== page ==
So let’s see Elastic IP’s in action. Login into AWS console, from service menu select EC2. On left Pane, under “Network & Security”, select “Elastic IPs” to open Elastic IP console.

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Click on “Allocate new address”.

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Click on “Allocate”, to confirm and assign new Public IP.

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Click on Close to continue. Now in Elastic IP’s Dashboard, there is new IP allocated to it. We can use this IP to assign this IP to any server, and we cannot assign one Elastic IP to multiple servers at same time.

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So let’s assign our newly allocated IP address to a server. For Implementation purpose, I’ve already deployed a server and have not assigned any public IP to it. It’s very simple, Disable the Auto Assign Public IP in Step 3: Configure Instance Details while deploying an instance. This step is not necessary and Elastic IP will work even if the instance is currently assigned a Public IP. The Elastic IP will simply override the currently allocated Public IP.

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Now from Elastic IP’s dashboard, select the Elastic IP that was just allocated. Go to actions and select “Associate Address”.

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Select Instance as Resource Type. Choose the Instance from the drop down menu. Select the Private IP from the list and finally Check “Allow Elastic IP to be re associated if already attached” and click on Associate to attach the Elastic IP to the instance.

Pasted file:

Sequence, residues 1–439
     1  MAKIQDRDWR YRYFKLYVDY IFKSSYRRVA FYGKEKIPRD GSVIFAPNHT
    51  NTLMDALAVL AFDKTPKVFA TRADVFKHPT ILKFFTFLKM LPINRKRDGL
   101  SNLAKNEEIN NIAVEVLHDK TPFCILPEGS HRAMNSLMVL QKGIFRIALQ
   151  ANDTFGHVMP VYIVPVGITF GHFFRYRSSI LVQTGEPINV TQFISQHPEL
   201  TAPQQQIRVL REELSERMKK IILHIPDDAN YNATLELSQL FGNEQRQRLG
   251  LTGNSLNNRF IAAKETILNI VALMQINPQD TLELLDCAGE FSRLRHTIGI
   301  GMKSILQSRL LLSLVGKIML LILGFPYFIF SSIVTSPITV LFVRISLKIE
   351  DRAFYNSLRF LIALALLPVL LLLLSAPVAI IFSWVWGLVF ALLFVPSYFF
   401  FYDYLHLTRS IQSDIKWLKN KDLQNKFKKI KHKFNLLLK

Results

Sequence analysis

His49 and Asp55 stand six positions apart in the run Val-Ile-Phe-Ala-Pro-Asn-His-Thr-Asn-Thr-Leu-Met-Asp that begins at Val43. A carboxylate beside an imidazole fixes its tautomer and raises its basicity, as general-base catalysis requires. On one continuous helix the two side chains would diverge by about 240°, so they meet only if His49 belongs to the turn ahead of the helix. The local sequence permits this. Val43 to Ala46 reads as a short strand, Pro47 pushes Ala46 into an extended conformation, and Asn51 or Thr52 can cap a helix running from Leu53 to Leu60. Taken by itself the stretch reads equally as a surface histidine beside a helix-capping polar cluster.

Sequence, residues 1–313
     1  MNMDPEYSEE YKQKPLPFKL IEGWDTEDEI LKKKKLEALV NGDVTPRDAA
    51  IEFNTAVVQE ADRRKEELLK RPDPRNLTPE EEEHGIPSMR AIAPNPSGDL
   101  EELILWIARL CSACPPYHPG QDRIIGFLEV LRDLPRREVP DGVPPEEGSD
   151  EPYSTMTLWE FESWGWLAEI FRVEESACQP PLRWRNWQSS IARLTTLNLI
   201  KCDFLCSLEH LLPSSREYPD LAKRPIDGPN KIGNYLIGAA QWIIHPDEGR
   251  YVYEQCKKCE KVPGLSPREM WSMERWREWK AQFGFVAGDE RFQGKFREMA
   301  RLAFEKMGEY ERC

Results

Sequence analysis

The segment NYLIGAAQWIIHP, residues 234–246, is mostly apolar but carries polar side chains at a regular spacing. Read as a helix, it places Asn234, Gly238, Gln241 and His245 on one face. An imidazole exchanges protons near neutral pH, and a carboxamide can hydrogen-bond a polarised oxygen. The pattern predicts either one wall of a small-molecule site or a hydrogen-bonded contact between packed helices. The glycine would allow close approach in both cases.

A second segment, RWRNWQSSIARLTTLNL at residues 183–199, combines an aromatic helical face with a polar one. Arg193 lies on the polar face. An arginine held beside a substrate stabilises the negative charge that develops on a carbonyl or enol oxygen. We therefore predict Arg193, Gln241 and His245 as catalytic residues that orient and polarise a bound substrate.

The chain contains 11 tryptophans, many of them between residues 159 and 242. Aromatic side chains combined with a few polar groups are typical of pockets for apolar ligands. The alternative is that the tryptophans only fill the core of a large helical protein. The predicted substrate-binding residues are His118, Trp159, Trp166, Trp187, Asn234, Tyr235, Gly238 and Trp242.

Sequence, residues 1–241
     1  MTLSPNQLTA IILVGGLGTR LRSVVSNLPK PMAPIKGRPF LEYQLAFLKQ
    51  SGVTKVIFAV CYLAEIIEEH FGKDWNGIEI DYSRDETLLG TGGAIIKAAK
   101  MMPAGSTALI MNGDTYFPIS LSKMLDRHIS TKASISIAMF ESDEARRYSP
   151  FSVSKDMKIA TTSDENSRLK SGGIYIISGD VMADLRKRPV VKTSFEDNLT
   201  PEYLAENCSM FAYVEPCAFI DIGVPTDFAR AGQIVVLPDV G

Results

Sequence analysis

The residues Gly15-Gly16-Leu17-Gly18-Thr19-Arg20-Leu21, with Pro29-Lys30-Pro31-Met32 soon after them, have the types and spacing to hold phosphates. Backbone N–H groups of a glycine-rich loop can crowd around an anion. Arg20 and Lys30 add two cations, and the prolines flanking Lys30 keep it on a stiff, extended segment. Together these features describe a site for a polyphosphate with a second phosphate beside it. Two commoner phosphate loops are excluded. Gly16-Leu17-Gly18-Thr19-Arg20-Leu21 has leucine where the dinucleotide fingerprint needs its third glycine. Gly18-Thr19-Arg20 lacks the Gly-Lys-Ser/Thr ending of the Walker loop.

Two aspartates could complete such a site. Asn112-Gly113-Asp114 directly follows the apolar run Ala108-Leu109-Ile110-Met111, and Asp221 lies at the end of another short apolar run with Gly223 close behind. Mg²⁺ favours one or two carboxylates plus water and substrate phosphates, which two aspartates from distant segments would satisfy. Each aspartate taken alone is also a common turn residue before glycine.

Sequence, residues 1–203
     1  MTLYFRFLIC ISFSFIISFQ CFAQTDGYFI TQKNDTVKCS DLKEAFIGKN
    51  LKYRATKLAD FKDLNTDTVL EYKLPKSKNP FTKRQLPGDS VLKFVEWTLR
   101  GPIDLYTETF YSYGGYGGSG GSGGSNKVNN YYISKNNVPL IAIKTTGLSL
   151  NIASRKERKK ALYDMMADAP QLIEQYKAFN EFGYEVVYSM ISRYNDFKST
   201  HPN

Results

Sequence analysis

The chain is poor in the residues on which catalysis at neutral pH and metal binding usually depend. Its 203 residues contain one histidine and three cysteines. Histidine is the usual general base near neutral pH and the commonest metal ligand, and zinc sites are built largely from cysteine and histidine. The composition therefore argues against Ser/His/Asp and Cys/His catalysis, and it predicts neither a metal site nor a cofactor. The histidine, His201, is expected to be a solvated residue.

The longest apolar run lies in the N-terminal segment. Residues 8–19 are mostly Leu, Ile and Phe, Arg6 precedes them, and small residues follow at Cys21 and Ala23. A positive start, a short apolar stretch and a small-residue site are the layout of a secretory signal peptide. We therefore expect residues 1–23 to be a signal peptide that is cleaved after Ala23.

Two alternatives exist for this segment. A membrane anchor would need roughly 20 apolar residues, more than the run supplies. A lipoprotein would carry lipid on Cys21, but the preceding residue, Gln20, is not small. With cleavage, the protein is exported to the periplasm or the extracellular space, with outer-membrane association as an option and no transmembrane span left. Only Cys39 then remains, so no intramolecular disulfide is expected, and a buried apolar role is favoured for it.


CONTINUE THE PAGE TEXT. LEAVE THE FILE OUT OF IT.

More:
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Elastic IP is now associated with the Instance and Elastic IP dashboard is also updated respectively. Now let’s check the EC2 dashboard, and verify whether the Elastic IP is assigned to the instance or not.

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The Elastic IP is now assigned and ready for use. It’s very simple to use it and this IP will stay with us until we release it from Elastic IP dashboard. Select the Elastic IP to release, go to actions. Select “Disassociate Address”. On confirmation window, click on “Disassociate Address” to confirm.

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The Elastic IP is now free and can be released or assign to some other server instance, for now let’s release the IP. Select the IP, go to action and choose “Release Address”. On next confirmation screen click on “Release Address”, and now the IP address is back in pool.

Well that’s all for now, as title suggests there will be a Part-2 of this EC2 walk-through, that will be release very soon (Update Deep Dive for EC2 have been released. Click here to visit). In 2nd Installation we will talk about Load balancers, Launch Configuration and Auto Scaling Group. It is one of the best features provided by EC2 as a service. Until then keep learning, take care, see you all soon.